The Rule V draft is essentially a legal lottery that baseball GMs play.
They get to buy a ticket (i.e., a player) in each round, and each ticket
has roughly a one in a million shot of turning out to be worth its cost
(i.e., a lost spot on the 25-man roster for a year). While articles on
the Rule V draft typically fawn over such successful draftees as George
, Bip Roberts, and Jon Nunnally, these successes are dwarfed by the
hundreds of selections who haven’t worked out, or the dozens who’ve
spent a season rotting on a major-league bench, losing development time.

Yet the anachronism continues unabated. Teams continue to select
marginal talents from the class-A teams of rival organizations, then
express surprise when these players inevitably fail at the major-league
level. Sure, there are valuable players waiting to be plucked from
major-league farm systems; 1997 selection Emil Brown, now with the
Pirates, was a solid prospect inexplicably left off the A’s protected
list. For the Pirates, a franchise in the midst of a rebuilding process
that could afford to use its 25th roster slot on a prospect for a
season, the move made sense. But why would teams like the Dodgers or
Blue Jays, publicly avowing their intent to contend this year, bother
with the Rule V draft in the first place?

Some teams have begun to use the Rule V draft as a means to acquire
borderline major-leaguers to fill the end of their bench or the back of
their bullpen. While there is some logic to this – plenty of worthy
players rot in AAA for want of a vote of confidence from the
major-league affiliate – this doesn’t explain why valuable players like
Bob Hamelin or Jeff Patzke aren’t selected.

This year’s Rule V draft featured a typically faceless bunch, mostly
pitchers (11 of the 13 major-league picks) with low ceilings whose
organizations had good reason to leave them off the 40-man roster.

The A’s used the first pick on occasionally hard-throwing righty
Javier Martinez, a former Cub farmhand. Martinez has had a solid showing
in Puerto Rico this winter, although his K/BB ratio of 26/14 is
unimpressive. The A’s promptly sold him to Pittsburgh.

The Phillies used the second pick on Hector Mercado, a Marlin pitching
prospect who blossomed this year in AA after five futile seasons in the
Astro chain. Mercado fanned 125 in 129.2 innings in AA Portland (a
decent hitter’s park) while walking 54. Hazard signs: 129 hits allowed
and 16 wild pitches. Mercado, immediately traded to the Mets for Mike
, will probably get cuffed around a bit in the majors, but he could
hang on as a #2 lefty reliever.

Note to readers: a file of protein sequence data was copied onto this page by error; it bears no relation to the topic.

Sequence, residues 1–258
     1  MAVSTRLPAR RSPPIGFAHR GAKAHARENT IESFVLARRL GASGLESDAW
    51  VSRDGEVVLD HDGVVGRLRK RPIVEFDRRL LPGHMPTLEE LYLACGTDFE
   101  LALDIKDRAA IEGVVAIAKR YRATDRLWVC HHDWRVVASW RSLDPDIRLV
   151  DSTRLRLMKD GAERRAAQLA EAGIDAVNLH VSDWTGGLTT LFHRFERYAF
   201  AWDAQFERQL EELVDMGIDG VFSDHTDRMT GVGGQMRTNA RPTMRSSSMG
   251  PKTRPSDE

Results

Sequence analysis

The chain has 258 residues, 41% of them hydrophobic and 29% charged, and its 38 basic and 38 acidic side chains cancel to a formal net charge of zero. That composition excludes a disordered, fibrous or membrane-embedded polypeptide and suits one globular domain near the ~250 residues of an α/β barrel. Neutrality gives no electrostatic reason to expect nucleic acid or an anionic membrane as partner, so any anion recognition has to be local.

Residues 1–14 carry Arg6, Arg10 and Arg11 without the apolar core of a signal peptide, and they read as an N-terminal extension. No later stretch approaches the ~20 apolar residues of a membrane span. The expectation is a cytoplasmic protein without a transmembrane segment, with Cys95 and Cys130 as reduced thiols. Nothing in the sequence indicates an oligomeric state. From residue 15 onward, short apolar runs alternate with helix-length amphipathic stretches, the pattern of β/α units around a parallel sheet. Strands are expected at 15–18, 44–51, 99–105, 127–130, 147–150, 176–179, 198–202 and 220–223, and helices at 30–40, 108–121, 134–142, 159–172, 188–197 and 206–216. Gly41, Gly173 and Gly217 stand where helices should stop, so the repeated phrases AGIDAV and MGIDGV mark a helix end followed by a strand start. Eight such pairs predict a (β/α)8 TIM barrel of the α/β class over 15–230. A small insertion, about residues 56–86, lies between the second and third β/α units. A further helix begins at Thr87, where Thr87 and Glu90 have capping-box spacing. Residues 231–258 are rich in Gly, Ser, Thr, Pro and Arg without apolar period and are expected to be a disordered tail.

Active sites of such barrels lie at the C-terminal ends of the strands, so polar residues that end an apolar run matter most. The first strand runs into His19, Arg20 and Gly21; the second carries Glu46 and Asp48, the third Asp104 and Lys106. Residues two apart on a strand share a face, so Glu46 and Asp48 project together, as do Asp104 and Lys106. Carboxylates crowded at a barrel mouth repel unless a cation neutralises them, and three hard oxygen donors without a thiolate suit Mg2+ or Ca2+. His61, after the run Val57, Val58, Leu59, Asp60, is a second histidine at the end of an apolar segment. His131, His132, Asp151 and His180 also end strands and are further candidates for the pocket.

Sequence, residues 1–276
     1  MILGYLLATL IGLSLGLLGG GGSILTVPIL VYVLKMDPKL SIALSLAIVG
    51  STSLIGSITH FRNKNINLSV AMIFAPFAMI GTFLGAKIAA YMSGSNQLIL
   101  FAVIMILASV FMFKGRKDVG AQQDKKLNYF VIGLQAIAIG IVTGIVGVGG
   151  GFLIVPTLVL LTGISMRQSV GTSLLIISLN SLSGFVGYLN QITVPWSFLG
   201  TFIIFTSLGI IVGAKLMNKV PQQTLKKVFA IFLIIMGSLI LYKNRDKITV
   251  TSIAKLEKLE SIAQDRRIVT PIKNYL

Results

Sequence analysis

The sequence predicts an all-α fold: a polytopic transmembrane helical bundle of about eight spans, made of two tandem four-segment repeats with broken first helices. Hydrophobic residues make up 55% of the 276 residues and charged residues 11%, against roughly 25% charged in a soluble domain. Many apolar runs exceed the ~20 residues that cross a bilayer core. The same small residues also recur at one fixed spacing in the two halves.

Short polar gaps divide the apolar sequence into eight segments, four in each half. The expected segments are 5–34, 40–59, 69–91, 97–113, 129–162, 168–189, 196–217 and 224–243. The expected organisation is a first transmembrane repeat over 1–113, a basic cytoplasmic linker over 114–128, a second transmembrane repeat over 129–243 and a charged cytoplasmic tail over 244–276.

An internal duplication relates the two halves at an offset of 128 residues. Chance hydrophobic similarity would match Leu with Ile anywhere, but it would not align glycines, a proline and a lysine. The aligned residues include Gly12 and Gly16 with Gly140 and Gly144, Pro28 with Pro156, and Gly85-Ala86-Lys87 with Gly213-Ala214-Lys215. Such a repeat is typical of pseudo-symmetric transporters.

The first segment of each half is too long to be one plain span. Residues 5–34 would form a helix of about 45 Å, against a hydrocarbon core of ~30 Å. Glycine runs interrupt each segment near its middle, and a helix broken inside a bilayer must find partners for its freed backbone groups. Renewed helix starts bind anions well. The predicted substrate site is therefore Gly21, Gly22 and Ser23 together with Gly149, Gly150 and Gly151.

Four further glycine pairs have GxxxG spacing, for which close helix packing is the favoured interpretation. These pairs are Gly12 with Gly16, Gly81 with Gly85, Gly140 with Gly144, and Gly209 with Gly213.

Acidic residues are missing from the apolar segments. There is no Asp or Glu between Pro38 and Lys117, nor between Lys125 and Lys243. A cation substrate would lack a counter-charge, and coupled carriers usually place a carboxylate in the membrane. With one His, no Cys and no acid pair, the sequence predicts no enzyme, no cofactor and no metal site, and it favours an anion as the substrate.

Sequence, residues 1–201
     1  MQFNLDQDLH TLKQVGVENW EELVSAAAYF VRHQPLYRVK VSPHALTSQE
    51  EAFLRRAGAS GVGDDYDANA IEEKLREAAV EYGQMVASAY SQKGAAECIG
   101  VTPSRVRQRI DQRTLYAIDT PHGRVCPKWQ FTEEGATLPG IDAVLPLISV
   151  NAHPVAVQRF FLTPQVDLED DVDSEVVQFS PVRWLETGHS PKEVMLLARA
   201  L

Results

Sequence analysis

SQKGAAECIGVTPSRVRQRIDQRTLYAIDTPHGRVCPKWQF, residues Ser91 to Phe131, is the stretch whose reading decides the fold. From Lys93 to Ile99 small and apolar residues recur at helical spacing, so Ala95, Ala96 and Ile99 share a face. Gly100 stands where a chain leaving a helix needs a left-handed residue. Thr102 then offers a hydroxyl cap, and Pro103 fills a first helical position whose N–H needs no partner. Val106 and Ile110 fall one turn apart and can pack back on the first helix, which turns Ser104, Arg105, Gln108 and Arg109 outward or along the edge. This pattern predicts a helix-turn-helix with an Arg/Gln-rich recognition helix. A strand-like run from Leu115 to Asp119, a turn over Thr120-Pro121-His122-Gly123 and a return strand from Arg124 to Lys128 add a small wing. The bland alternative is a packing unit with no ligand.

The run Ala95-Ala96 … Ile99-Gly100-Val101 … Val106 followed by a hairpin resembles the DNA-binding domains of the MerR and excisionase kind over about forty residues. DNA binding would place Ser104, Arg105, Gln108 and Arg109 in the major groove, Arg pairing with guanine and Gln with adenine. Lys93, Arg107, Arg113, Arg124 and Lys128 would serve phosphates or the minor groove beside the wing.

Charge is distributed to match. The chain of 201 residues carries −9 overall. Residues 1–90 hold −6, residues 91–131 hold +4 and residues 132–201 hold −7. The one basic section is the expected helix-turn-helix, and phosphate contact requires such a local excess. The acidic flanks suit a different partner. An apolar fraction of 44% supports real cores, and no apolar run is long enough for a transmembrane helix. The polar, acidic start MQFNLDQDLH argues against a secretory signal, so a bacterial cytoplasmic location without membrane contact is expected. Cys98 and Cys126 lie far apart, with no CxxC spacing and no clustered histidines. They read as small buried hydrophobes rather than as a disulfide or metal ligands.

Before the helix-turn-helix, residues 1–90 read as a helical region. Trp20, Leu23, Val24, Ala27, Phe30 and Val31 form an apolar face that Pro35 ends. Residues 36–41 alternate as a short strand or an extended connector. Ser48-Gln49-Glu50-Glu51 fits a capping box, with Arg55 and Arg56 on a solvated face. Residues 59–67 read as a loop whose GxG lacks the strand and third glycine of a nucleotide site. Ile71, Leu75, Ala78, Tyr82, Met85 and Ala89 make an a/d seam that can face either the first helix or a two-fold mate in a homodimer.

The Cubs, fresh off their inane loss of 1997 rule V pick LHP Ramon
in the expansion draft, used the third pick on Twins’ LHP Alan
. Mahaffey had a very good first half in his first fast-A
exposure, and was more than adequate at AA, fanning 84 total in 71
innings at the two levels, with a mere 18 walks. It’s not likely that
he’ll carry that success to the majors in 1998, but he could easily do
what Tatis did if used carefully.

This is where it gets silly: The Blue Jays, who claim they’re thinking
playoffs for ’98, selected a 21-year-old outfielder from the Midwest
League named Luis Saturria from St. Louis. Saturria pulled a
.274/.340/.413 in the Midwest League, which translates to a
.235/.288/.334 in the majors. Perhaps Gord Ash has begun to practice
Saturria, because it would take a lot of black magic to make this guy
look like a prospect.

Among other notables: The Mariners took Jeff Huson – yes, that one –
from the Rockies. Wasting a pick on Jeff Huson is insane enough; what’s
worse is that Huson just signed with Colorado as a free agent. I’m sure
he’s thrilled. The Pirates, looking to double their pleasure, used
their pick on RH reliever Melvin Brazoban, who pitched only in the
rookie-level Gulf Coast League last year. Yes, he pitched well, but a
year sitting on the 3RS turf will not help his professional development.
The Tigers took pitcher Sean Runyan from San Diego because he’s big,
left-handed, and because Randy Smith simply can’t get enough ex-Padres.
The Braves took RH reliever Brian Edmondson from the Mets. Edmondson had
his best season as a professional in ’97 when he switched to the pen
full-time, and could be a decent 11th man on the Braves’ staff. The
Dodgers, who need pitching like Al Gore needs Valium, selected two
pitchers: soft-tosser Frank Lankford from the Yanks, and Marc Deschenes,
a minor-league closer from Cleveland’s system who was virtually
unhittable in two stops at the A-level last year.

The minor-league portions of the draft featured a few names to raise
the eyebrows. Florida selected David Pyc from LA. Pyc isn’t
overpowering, but has excellent control, and pitched acceptably at San
Antonio last year – one of the worst places in the known universe to
pitch in. Pyc’s selection is relevant because he could wind up in
Florida’s rotation this season, and could even surprise a few people by
being at or slightly below league-average.

Other notables selected in the AAA and AA rounds: former Dodger
pubescent-prospect Kym Ashworth, who lost the 1997 season to (surprise!)
injury, selected by Detroit; Roosevelt Brown, the bounty Florida got for
Terry Pendleton in ’96, by the Cubs; and onetime Brave prospect
(Ra)Chaad Stewart, whose promising career was derailed by injuries and
control problems, probably from overuse in his last season in the
Orioles’ chain (1995, when he faces 635 batters at age 20), by

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